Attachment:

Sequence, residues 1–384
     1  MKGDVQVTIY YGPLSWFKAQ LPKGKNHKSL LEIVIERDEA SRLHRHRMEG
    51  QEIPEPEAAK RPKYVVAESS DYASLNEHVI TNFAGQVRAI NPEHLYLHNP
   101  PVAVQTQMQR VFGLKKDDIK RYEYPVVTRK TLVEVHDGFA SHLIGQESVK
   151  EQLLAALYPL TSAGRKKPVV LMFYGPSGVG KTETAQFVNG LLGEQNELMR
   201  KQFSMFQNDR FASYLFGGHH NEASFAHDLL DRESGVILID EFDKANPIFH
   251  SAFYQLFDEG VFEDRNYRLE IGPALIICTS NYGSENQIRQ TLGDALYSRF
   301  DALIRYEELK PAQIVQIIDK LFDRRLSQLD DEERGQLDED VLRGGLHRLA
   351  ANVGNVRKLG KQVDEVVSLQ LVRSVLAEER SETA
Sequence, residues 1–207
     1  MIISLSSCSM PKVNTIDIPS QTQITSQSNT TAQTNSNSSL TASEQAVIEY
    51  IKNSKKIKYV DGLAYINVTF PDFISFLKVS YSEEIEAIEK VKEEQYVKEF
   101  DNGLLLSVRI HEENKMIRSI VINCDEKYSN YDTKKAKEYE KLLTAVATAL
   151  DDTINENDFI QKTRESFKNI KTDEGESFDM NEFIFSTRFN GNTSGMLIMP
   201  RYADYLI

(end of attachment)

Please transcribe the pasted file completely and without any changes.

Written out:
Sequence, residues 1–384
     1  MKGDVQVTIY YGPLSWFKAQ LPKGKNHKSL LEIVIERDEA SRLHRHRMEG
    51  QEIPEPEAAK RPKYVVAESS DYASLNEHVI TNFAGQVRAI NPEHLYLHNP
   101  PVAVQTQMQR VFGLKKDDIK RYEYPVVTRK TLVEVHDGFA SHLIGQESVK
   151  EQLLAALYPL TSAGRKKPVV LMFYGPSGVG KTETAQFVNG LLGEQNELMR
   201  KQFSMFQNDR FASYLFGGHH NEASFAHDLL DRESGVILID EFDKANPIFH
   251  SAFYQLFDEG VFEDRNYRLE IGPALIICTS NYGSENQIRQ TLGDALYSRF
   301  DALIRYEELK PAQIVQIIDK LFDRRLSQLD DEERGQLDED VLRGGLHRLA
   351  ANVGNVRKLG KQVDEVVSLQ LVRSVLAEER SETA
Sequence, residues 1–207
     1  MIISLSSCSM PKVNTIDIPS QTQITSQSNT TAQTNSNSSL TASEQAVIEY
    51  IKNSKKIKYV DGLAYINVTF PDFISFLKVS YSEEIEAIEK VKEEQYVKEF
   101  DNGLLLSVRI HEENKMIRSI VINCDEKYSN YDTKKAKEYE KLLTAVATAL
   151  DDTINENDFI QKTRESFKNI KTDEGESFDM NEFIFSTRFN GNTSGMLIMP
   201  RYADYLI